Much of California could be placed under a new stay-at-home order in the coming days as new COVID-19 cases and hospitalizations continue to mount, Gov. Gavin Newsom said Thursday. (YouTube image)

Gov. Gavin Newsom said Monday that he plans to release concrete reopening guidelines later this week for counties that fall off the state’s COVID-19 coronavirus monitoring list.

Most of the greater Bay Area’s counties are on the monitoring list for elevated coronavirus case and hospitalization levels.

Napa and Santa Cruz counties fell off the list over the last 10 days, allowing them to reopen indoor operations for businesses like hair salons and gyms as well as places of worship.

However, the state has given little instruction to the eight counties that have fallen off the list in recent weeks about how quickly they can resume indoor operations for certain businesses.

Newsom said he discussed reopening guidelines over the weekend both with state and local public health officials and business leaders to ensure everyone is on the same page.

“None of this delays this fundamental fact: there has to be a 14-day period between the application, implementation of not only schools but reopening any sector of the economy,” Newsom said.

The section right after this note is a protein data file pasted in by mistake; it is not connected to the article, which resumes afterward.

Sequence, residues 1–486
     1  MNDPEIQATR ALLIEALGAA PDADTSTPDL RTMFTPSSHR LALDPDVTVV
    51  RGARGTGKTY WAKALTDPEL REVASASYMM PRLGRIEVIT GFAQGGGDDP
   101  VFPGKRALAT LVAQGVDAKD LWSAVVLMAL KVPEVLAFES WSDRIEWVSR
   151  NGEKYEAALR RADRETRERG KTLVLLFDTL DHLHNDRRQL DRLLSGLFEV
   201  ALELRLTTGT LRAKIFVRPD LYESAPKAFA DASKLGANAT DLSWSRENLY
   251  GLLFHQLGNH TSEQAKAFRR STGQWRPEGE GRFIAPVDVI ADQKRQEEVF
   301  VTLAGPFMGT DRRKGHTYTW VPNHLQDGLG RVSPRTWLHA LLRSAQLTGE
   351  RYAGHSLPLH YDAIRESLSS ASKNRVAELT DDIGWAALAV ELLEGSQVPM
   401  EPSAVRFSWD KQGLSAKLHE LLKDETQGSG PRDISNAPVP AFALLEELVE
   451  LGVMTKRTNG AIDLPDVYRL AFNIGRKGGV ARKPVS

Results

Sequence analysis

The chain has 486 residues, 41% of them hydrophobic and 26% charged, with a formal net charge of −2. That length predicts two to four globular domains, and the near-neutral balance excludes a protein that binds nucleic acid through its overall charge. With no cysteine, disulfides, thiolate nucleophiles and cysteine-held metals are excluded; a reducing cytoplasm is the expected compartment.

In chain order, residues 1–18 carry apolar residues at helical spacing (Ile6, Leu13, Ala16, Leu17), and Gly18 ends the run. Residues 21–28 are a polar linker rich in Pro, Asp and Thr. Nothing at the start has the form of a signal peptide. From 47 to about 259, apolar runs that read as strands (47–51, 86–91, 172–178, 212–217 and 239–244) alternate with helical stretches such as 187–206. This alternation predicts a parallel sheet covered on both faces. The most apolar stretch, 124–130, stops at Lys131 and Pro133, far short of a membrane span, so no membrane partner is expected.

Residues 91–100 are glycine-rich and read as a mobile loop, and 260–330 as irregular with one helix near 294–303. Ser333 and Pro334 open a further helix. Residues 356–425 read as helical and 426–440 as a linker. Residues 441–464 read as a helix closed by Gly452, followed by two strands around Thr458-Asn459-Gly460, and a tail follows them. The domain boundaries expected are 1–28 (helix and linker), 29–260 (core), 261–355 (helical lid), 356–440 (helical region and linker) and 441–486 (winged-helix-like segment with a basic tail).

Falling off the monitoring list will also have consequences for schools, as counties that have been off the monitoring list for at least 14 days will be allowed to resume in-person classes.

“We look forward to advancing the opportunity for those districts that are determined on the basis of local conditions, what they believe is in the best interest for their kids and moving back to in-person learning,” Newsom said of counties not on the monitoring list. “They have that option.”

Counties on the monitoring list, however, must continue with fully online classes indefinitely. A total of 35 counties in the state have been on the watchlist for at least three consecutive days.

State public health officials have now confirmed 668,615 coronavirus cases and 12,152 deaths across California.

The state’s 14-day test positivity rate sits at 6.5 percent while the seven-day rate is down to 5.6 percent, Newsom said. The state continues to average over 100,000 tests per day.